Unwrapping the CAI's holiday gift: A guide on privacy policy drafting

4 minute read
04 January 2024

Since September 22, 2023, organizations with operations in Quebec must publish a privacy policy on their website if they collect personal information by any technological means (for example, via an email address, a website or a mobile app).

On December 18, 2023, Quebec's privacy regulator, the Commission d'accès à l'information (CAI), published a crucial guide for organizations seeking clarity in drafting and revising their privacy policies. You can access Gowling WLG's unofficial translation of the Guide here (official version only available in French).

Here are the top three takeaways from the CAI's Explanatory Guide on Drafting a Privacy Policy:

1. Understanding the dual nature of privacy policies

The CAI's Guide makes a pivotal distinction between two different types of policies: the confidentiality (or online) policy, and other privacy policies.

The former, as required by section 8.2 of the Act respecting the protection of personal information in the private sector (CQLR, c. P-39.1, the Quebec Privacy Act), is necessary for organizations that collect personal information through technological means, typically on websites or digital platforms.

In contrast, the latter, required by section 3.2 of the same act, covers broader aspects of personal information protection within an organization. These policies will generally outline how an organization manages all personal information, not just the information collected online, and includes practices related to data storage, access and protection measures. Understanding this distinction is crucial for compliance and effective privacy management.

2. Clarity is key: Tips for simplified language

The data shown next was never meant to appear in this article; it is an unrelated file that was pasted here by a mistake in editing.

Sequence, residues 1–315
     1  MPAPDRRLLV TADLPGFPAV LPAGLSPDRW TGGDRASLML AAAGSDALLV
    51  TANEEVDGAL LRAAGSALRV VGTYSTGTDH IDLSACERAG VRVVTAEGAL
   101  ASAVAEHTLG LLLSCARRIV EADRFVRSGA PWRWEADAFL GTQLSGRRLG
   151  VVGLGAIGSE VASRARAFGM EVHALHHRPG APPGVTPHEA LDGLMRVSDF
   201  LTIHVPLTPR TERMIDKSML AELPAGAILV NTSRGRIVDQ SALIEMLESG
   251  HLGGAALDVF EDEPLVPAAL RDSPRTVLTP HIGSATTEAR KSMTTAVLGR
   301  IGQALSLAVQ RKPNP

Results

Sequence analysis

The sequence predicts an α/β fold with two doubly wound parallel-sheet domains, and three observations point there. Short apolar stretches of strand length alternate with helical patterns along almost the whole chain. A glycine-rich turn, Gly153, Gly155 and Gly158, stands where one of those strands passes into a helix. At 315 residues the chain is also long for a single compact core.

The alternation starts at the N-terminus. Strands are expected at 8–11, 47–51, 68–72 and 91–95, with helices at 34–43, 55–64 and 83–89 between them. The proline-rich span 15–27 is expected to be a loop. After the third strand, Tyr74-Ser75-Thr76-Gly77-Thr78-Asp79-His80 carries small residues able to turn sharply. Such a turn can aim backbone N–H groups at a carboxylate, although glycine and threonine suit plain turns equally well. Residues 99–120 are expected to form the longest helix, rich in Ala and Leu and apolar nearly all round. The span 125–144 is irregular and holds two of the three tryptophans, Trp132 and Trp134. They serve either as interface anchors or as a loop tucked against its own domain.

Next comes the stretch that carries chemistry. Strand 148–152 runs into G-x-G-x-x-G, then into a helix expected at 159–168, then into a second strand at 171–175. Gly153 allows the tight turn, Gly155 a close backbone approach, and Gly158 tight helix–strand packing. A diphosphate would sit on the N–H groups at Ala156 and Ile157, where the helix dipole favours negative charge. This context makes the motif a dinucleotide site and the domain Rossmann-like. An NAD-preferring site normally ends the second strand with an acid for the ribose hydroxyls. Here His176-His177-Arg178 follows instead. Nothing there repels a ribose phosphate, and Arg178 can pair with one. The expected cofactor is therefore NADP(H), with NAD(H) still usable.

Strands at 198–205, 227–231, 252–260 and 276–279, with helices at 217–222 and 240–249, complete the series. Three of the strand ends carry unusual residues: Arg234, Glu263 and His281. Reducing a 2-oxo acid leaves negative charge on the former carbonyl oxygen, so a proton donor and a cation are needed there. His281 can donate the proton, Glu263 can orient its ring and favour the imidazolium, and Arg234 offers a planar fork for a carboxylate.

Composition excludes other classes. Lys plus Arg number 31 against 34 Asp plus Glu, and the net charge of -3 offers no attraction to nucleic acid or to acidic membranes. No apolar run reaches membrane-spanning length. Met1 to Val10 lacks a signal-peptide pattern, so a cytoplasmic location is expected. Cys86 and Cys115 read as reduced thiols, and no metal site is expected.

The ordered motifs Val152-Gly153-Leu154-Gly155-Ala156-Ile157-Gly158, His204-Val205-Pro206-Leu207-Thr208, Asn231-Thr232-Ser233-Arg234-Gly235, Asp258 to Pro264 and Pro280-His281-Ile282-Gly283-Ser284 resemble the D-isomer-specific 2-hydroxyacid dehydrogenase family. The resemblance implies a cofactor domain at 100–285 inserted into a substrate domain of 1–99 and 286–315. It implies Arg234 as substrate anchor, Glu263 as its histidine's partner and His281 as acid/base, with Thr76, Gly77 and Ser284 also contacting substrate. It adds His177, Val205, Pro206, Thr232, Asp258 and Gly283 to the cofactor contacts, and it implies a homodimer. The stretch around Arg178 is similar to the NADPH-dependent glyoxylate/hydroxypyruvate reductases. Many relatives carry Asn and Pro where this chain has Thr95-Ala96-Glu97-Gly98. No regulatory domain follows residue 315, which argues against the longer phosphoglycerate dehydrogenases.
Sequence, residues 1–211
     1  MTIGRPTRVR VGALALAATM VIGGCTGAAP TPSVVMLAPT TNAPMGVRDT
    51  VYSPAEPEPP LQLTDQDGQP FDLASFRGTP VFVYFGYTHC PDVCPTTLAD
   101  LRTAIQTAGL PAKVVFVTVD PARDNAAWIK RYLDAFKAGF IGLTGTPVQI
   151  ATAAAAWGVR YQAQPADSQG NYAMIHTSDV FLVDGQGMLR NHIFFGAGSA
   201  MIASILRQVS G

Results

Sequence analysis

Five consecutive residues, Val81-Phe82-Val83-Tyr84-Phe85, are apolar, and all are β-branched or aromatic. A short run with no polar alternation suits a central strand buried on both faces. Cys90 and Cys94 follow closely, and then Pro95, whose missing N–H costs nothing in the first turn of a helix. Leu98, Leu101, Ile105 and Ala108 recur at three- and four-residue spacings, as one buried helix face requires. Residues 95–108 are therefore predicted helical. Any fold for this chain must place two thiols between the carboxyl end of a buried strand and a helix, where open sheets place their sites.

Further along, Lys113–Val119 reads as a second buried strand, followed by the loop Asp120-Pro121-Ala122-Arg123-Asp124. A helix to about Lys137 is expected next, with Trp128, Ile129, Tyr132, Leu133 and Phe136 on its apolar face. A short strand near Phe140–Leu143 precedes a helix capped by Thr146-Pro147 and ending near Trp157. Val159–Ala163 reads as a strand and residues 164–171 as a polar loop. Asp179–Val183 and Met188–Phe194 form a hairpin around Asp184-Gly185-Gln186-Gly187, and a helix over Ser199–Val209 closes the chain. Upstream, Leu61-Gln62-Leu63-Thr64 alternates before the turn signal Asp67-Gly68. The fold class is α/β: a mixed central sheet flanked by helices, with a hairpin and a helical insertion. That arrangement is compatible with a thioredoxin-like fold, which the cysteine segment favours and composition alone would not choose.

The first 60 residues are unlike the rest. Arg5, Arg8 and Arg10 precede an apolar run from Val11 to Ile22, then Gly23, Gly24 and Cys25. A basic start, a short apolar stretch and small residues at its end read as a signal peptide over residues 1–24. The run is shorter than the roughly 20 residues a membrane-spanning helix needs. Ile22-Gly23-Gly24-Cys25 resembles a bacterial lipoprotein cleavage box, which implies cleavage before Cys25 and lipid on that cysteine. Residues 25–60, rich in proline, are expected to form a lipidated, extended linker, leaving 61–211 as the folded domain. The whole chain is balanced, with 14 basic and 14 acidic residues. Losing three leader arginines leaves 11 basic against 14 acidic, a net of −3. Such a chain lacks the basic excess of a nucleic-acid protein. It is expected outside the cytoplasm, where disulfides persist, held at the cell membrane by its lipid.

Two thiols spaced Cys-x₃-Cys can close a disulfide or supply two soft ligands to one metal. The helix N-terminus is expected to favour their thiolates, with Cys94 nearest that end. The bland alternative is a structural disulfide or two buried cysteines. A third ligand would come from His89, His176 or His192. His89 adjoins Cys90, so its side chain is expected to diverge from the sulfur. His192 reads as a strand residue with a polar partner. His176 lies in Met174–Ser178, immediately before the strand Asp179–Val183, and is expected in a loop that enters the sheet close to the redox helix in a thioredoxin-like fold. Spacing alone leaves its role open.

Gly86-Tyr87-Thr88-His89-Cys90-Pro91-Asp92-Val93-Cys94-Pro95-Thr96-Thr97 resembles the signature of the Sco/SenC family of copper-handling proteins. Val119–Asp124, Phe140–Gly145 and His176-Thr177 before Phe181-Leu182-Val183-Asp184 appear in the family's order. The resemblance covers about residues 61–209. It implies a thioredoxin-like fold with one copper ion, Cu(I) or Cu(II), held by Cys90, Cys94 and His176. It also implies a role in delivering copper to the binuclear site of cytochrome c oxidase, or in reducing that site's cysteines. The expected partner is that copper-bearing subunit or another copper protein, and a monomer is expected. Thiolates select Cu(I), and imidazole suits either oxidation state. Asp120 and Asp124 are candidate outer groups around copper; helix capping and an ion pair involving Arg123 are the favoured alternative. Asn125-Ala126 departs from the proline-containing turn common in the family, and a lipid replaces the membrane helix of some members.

The CAI's Guide emphasizes the importance of clear and simple language in drafting privacy policies. It offers practical tips on writing policies that are easily understandable by a wide audience. While these are not strict requirements, they present best practices for all privacy professionals wanting to ensure their policies are accessible to all.

The CAI's Guide also contains tools and ideas, which could be quite useful for privacy professionals looking to "test" their privacy policy prior to publication (or when conducting a review of their existing privacy policy). By testing the policy with a diverse group, organizations can ensure that their privacy policies are not only compliant but also clear, understandable and implementable across the entire organization.

3. Notification of policy modifications

Unfortunately, the CAI's Guide does not provide any clarification regarding the obligation for organizations to inform individuals about modifications to their confidentiality policy. As it stands under the Quebec Privacy Act, organizations are obligated to notify individuals of any amendments to their policy.

This requirement can become burdensome, leading to unexpected scenarios where organizations must notify individuals even for minor adjustments, such as correcting a typo in their policy.

Closing thoughts

The CAI's Guide is a valuable tool for organizations drafting or revising their privacy policies. It aids in understanding legal requirements, encourages clear communication, highlights areas needing further attention and provides tools to "test" the policy prior to publication.

If you have additional questions regarding your organization's privacy policies, or any other privacy-related topics, do not hesitate to contact us.

NOT LEGAL ADVICE. Information made available on this website in any form is for information purposes only. It is not, and should not be taken as, legal advice. You should not rely on, or take or fail to take any action based upon this information. Never disregard professional legal advice or delay in seeking legal advice because of something you have read on this website. Gowling WLG professionals will be pleased to discuss resolutions to specific legal concerns you may have.